CLEVELAND (AP) — Terry Francona won’t be riding off on his beloved scooter after all.

Just hours before his final home game as Cleveland’s manager, Francona revealed that the motorized scooter he has ridden to and from Progressive Field for the past several seasons was stolen for the second time.

“The hog has been officially put on ice,” Francona said before Wednesday night’s game against the Cincinnati Reds. “It got stolen again, but this time they stripped it.”

Francona said the two-wheeled vehicle was taken about 10 days ago. It was stolen in January but recovered by police.

“Been in mourning,” he said. “They got it in the clubhouse under a blanket. Looks like they took a baseball bat to it.”

The 64-year-old rented an electric scooter over the weekend, but the ride wasn’t the same. He hit a pothole and crashed.

“I went over the handlebars,” he said, “I mean over. It’s amazing how much you can see of your life in that moment.”

Jokes aside, and it’s fitting Francona’s finale includes some one-liners, the last home game in 2023 is a bittersweet celebration as the Guardians honor the winningest manager in their club’s 123-year history.

Although he hasn’t officially announced his retirement, Francona is expected to do so formally early next week.

“The worst kept secret ever,” Francona joked Tuesday.

Francona didn’t want a special ceremony for his final home game, but he relented to the team handing out 20,000 “Thank You Tito” T-shirts. There will also be a video tribute to Francona played on the scoreboard shortly before the first pitch.

“The most frustrating part is I can’t wear the T-shirt because it’s me,” Francona joked. “I mean, it’s a nice T-shirt. I love it when we get free stuff, but I can’t wear it.”

Francona has battled serious health issues in recent years and wants to move on before the game beats him up further.

It’s time.

“It got harder,” he said. “That’s why I’m going to shut it down. … I’m going to go get my body patched up again for about the 80th time and I’m going to try to go get healthy and I’m in no rush.”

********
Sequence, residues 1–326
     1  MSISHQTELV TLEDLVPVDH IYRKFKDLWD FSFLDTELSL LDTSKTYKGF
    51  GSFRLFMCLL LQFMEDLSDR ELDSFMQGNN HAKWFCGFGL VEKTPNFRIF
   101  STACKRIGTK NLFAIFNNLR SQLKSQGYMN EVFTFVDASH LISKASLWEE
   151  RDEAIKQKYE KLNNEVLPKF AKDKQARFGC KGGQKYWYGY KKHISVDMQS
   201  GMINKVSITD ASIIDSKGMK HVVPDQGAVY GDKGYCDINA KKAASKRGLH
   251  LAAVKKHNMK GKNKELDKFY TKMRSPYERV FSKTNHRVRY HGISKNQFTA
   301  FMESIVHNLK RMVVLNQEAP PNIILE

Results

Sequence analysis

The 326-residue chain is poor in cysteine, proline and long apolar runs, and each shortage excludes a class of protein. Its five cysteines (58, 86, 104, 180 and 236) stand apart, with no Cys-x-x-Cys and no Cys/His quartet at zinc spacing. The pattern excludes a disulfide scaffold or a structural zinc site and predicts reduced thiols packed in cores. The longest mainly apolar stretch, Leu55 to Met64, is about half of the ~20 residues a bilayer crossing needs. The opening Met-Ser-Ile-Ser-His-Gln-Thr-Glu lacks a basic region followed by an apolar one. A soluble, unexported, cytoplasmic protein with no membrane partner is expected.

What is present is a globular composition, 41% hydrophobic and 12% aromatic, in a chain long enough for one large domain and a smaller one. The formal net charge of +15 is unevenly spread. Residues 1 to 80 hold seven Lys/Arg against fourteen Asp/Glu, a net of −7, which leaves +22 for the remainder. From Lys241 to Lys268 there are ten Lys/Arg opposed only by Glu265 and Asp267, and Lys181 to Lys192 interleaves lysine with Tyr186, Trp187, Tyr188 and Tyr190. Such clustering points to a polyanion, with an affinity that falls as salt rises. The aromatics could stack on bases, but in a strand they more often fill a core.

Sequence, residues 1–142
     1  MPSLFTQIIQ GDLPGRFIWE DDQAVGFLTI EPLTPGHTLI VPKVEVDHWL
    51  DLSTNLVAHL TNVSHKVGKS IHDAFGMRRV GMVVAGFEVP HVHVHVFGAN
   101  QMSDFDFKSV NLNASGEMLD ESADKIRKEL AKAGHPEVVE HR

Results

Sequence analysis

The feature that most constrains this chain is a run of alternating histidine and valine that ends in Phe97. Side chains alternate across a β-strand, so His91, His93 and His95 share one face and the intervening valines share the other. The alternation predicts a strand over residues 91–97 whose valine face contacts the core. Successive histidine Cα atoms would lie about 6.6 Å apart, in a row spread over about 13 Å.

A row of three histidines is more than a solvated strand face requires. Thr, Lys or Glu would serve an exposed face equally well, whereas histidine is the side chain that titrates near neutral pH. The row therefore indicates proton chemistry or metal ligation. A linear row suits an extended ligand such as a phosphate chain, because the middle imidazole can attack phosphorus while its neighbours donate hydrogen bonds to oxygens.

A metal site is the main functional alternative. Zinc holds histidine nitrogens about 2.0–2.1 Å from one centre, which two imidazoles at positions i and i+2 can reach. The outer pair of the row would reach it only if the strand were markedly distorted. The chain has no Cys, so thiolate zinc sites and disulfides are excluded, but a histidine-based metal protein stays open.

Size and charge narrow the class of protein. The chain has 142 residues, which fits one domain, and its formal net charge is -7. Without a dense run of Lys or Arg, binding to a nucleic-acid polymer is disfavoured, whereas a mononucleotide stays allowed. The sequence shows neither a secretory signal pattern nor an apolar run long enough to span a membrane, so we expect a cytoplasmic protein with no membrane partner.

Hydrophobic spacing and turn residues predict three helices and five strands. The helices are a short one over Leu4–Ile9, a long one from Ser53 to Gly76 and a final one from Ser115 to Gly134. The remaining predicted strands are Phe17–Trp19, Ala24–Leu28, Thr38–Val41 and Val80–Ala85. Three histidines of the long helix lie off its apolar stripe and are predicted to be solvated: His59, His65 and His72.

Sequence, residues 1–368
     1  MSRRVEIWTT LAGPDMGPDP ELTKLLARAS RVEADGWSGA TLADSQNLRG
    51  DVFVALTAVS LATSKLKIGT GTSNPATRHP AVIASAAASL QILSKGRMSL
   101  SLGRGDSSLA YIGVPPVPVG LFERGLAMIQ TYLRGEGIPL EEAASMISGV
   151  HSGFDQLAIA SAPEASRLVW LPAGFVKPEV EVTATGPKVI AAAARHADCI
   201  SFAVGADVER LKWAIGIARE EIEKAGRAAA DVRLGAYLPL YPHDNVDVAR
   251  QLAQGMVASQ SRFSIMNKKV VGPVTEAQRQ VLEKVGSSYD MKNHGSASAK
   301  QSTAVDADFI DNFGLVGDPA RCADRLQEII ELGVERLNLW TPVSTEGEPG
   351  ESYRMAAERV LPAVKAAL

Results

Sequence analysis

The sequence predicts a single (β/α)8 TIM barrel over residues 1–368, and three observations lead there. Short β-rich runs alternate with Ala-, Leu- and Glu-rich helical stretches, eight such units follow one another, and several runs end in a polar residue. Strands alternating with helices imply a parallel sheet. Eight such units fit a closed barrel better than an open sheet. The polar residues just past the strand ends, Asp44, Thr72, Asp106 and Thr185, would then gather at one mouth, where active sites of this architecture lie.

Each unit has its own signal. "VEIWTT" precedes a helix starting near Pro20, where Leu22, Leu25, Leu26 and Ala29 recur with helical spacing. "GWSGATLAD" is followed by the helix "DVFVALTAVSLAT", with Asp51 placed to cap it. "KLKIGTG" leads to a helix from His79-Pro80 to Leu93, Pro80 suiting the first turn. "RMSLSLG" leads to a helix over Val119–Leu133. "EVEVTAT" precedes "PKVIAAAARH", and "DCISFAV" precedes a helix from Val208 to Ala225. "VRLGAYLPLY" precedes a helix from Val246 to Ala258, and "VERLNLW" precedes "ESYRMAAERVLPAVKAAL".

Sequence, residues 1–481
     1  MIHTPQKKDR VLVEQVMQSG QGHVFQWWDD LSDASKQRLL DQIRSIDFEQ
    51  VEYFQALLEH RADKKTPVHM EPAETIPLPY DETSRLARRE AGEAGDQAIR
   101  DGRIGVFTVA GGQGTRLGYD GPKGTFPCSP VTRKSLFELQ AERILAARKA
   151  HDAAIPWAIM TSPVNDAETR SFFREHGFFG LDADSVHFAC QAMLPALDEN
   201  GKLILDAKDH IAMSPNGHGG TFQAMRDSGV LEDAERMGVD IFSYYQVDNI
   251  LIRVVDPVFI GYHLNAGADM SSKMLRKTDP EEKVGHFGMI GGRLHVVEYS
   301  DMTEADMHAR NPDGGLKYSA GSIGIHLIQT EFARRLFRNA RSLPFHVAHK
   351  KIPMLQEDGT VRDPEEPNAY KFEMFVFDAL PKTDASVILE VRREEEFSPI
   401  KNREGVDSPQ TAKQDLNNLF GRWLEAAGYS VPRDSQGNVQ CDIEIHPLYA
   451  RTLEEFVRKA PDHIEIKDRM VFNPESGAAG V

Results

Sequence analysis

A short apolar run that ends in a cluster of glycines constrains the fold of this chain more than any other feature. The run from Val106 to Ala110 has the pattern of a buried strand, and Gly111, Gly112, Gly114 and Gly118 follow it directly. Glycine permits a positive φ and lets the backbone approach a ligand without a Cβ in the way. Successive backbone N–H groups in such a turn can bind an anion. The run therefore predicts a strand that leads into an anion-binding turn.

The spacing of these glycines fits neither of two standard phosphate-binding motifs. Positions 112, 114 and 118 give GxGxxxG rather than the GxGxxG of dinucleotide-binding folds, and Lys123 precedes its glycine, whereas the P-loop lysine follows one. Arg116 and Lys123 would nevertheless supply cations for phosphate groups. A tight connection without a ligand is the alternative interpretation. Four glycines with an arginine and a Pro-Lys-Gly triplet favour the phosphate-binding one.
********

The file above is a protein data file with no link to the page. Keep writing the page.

Francona insisted upon keeping the spotlight on his players during the season’s final month and spoke with them Tuesday so they weren’t caught off-guard by anything in their final days together.

“I just wanted to thank them,” he said. “I told them in spring training, it’s an honor for me to stand up in front of them and go through not just the good, but the difficult, and I wanted everybody in that room to know that I felt like it was an honor of a lifetime to be here for 11 years.”

He’s been a beloved figure in Cleveland.

Francona’s teams were always in the playoff hunt despite having one of baseball’s lowest payrolls. In 2016, the team came within one swing of winning their first World Series since 1948 before losing in seven games to the Chicago Cubs.

Francona said his run in Cleveland was everything he hoped. However, this season felt different for many reasons, and he spoke to team president Chris Antonetti and general manager Mike Chernoff about his future to give them time to begin a search for his successor.

He won’t give input on Cleveland’s next manager.

“I don’t think that’s fair,” he said. “For 11 years I’ve been doing this the way I think is right. I don’t think that’s fair to them or to the next person to try to put my stamp on it. There might be somebody comes in completely 180 degrees different and it might be better. That’s the beauty of our game.”

It won’t be easy to replace Francona, who played 10 seasons before beginning his managerial career with Philadelphia in 1997.

The Guardians will finish their season in Detroit with a three-game series starting Friday.